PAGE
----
Thread milling comes into its own as a productive process
by Jim Barnes
Thread milling has gained a lot of traction in industries across Canada as sophisticated CNC machines become common, users adapt to the programming and shops upgrade for competitiveness.
Demands for threading are changing. “A lot of shops are working with more complex parts today. They’re working in smaller lots and they have put a lot of cost into these components,” notes Mark Hatch, product director, taps and thread mills, Emuge Corp., West Bolyston, MA. “Companies that had been working with cast iron, aluminum and common steels are calling us and asking how to work with titanium, Inconels and so forth.”
Get with the program
While most CNC machines are capable of the three axis interpolation required for thread milling, programming is intimidating for some.
“Programming is the greatest hurdle to moving over to thread milling. “Programming a thread mill is a three axis move. With some of them, you have to understand how to arc into the cut correctly,” says John Kollenbroich, technical manager, Horn USA Inc., Franklin, TN.
Vendors supply programming support. “We have on-staff programmers who go in directly and work with our customers. We set up on-site training programs. We write programming instructions for them,” says Hatch.
Iscar’s website provides detailed support for programming. In fact, it can actually write the programs. “All the G codes are right there, all you have to do is plug-and-play on your computer,” says Tom Hagan, milling product manager, Iscar Tools Inc., Oakville, ON.
The industry is gradually getting over the basics.
“The questions now tend to be all driven by specific applications,” says Nathan Preiss, product manager, Ingersoll Cutting Tools Corp. Rockford IL. Users want to know how to handle specific materials and jobs.
Multi-flute versus single point
One debate seems to be between multi-flute and single-point thread mills. “Both multi-flute and single point thread mills serve their purposes. Each has their own benefits,” notes Ingersoll’s Preiss.
Deflection and cycle time are part of the equation.
“A single-pitch tool will deflect too, but the deflection from the bottom to the top is going to be identical. The tool deflected and ran at a smaller diameter, but it is the same smaller diameter from top to bottom. The single-pitch tools allow you to run a range of pitches, be it 18 to 32 or whatever you want, but it gives you the ability to produce a straighter thread in a single pass,” says Horn USA’s Kollenbroich.
Iscar’s Hagan says “for the long, deep threads I would definitely look at single-point. You are going to get more rigidity and less deflection. I’d use single-point for high overhangs, too, just because of the rigidity. ”
Versatility might be another consideration manufacturers should take into account.
“A multi-flute thread mill will only cover one particular pitch. A single-flute tool can cover a range of pitches. That can help reduce tool inventory,” says Kollenbroich.
“For anything in a short-to medium-thread, definitely look at a multi-flute. The cycle time is key and you’ll get more productivity out of the multi over the single,” says Iscar’s Hagan.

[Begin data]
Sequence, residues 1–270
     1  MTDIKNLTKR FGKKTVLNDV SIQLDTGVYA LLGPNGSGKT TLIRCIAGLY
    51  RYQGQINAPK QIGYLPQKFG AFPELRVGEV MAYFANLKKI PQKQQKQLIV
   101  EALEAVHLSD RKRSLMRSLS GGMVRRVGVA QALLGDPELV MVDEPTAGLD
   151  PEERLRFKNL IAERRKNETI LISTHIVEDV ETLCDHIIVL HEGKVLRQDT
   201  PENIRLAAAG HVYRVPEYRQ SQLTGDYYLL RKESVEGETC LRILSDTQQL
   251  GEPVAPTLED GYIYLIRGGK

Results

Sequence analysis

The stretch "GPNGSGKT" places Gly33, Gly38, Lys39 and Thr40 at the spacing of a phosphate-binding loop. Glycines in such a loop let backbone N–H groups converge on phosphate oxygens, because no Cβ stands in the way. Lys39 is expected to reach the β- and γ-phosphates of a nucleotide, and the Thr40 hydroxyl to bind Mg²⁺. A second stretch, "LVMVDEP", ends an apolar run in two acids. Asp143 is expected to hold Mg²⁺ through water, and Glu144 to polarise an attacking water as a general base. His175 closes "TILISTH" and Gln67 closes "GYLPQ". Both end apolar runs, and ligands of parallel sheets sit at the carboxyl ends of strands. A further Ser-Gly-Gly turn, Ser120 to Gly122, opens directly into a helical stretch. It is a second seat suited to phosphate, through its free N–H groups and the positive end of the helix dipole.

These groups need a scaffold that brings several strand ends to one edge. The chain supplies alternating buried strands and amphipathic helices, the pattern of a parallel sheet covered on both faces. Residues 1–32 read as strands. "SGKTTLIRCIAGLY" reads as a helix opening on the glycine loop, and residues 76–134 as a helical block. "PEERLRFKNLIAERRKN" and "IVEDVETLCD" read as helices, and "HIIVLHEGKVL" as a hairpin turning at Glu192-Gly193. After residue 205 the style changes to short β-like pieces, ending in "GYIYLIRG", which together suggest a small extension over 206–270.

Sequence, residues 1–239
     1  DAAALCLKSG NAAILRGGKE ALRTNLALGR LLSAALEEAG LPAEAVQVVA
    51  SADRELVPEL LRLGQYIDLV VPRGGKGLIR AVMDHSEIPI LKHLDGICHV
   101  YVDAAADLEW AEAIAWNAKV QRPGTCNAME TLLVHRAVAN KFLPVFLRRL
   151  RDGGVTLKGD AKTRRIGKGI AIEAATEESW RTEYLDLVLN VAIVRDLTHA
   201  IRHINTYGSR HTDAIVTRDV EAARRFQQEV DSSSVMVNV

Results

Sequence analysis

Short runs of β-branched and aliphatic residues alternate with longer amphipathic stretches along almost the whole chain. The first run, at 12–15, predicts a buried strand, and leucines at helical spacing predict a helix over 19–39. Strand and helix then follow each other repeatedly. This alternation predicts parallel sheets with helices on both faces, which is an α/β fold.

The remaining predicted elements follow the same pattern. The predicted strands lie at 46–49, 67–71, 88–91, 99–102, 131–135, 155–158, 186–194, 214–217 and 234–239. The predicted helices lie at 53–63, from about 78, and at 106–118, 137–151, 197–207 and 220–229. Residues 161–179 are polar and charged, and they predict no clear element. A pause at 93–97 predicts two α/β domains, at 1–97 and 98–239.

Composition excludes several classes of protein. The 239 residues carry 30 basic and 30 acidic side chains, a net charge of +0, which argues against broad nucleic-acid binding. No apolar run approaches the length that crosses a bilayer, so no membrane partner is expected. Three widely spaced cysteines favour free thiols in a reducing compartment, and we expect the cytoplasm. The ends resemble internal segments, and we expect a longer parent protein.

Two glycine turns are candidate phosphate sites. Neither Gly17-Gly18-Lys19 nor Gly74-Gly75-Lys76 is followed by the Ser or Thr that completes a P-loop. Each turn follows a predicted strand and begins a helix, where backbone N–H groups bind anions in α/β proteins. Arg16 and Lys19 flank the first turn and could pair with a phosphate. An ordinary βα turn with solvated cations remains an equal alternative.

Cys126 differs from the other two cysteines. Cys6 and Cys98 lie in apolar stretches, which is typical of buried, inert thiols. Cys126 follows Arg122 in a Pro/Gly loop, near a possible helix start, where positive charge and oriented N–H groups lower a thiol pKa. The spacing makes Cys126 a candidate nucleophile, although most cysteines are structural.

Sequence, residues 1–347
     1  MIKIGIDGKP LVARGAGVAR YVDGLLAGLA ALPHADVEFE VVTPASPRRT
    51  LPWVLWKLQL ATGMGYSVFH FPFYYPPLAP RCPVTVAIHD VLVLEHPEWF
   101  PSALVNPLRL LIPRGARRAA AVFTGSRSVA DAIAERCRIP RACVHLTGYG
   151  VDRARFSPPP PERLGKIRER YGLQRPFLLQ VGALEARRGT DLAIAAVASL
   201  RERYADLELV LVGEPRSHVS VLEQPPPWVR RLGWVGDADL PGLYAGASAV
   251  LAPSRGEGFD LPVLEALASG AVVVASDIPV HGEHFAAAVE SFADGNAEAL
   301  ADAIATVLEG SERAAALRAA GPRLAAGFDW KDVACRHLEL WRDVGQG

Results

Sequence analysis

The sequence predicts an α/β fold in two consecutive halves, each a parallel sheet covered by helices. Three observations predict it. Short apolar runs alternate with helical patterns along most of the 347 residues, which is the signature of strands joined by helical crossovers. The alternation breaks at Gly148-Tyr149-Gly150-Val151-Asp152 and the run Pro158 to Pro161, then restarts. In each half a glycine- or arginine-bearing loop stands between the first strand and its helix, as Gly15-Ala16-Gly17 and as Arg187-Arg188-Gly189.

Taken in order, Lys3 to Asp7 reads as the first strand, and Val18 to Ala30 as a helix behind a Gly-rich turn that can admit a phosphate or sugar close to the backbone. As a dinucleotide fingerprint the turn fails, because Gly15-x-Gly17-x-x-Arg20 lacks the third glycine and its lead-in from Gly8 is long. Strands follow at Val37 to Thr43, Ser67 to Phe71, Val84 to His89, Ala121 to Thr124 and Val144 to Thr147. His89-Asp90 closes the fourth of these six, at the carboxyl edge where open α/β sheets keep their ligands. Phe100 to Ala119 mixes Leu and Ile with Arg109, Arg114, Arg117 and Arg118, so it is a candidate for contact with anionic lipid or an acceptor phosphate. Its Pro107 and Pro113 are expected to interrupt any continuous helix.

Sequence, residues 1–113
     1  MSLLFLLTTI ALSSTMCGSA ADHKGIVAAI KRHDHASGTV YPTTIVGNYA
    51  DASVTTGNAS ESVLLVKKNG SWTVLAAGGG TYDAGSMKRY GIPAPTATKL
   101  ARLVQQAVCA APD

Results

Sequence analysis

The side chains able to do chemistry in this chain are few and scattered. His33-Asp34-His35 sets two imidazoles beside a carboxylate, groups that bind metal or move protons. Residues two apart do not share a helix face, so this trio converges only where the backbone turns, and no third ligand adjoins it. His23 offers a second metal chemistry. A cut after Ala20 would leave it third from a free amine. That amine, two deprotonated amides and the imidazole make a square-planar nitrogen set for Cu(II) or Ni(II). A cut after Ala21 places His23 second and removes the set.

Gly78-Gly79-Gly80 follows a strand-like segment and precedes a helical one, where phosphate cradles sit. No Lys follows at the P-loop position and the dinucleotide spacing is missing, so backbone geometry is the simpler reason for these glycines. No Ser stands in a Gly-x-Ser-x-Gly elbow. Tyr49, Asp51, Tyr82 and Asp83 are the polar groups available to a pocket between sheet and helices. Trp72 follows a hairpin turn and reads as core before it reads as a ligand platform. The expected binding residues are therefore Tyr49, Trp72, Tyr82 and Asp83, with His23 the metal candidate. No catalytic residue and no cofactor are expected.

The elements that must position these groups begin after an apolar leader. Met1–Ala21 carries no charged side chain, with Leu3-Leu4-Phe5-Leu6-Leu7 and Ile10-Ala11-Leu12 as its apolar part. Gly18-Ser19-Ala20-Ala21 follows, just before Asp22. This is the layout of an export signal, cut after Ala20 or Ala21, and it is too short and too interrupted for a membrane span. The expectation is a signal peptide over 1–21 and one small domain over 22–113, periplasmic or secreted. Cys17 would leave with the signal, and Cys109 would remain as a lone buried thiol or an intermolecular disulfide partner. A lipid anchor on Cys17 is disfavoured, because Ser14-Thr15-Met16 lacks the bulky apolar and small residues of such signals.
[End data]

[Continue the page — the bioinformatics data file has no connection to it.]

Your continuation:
“The only drawback to single tooth is cycle time,” says Preiss.
When to tap
Tapping still has an importand place in the shop. “A combination of thread milling and modern tapping techniques enables manufacturers to machine more complex parts in more difficult materials,” says Hatch. “Many shops incorporate both taps and thread mills because they are different processes.”
Costs are one confusing issue in choosing between taps and thread mills. Where a tap might cost as little as $15, you could pay $400 for a multi-pitch thread mill.
However, there is more to the cost equation. A high end tap that performs well and runs faster than a conventional one could cost $100, notes Kollenbroich. The toolholder is another cost. “If you’re looking at a good tension/compression tap, that can easily be a $700 holder. You can put a thread mill in a good colleting system,” he adds.
The biggest cost is undoubtedly tap breakage. Snapping a tap off in an expensive piece of metal might have major cost repercussions in scrap, repair and downtime.
“If somehow you snap an thread mill, there is no scrap rate. There is no EDM. The next tool you put in will pick up exactly where the last tool left off,” notes Preiss.
Long chips can be an issue with some taps.
“Thread milling is the ultimate chip breaker,” says Hatch. “It’s an interrupted cutting process which means you get a sharp, broken chip regardless of the material.” Adding through-tool coolant to the process means chips can be flushed out of the work area quickly.
Thread mills also cut costs through their versatility.
“With tapping, you need a single tap for each diameter you have. With thread milling, whether it be solid or indexable, you have the versatility to generate any diameter, as long as the tool can fit with the correct amount of clearance,” says Preiss.
When are taps appropriate? “It all depends on what kind of thread the customer is looking to generate,” says Preiss. “If it’s a basic thread where they don’t care about tolerances or fit class, it’s up to the customer. Thread milling is more of a precise thread. It’s going to give you the exact minor diameter, the exact major diameter, and the pitch diameter for specific applications.” SMT
Jim Barnes is a contributing editor.[email protected]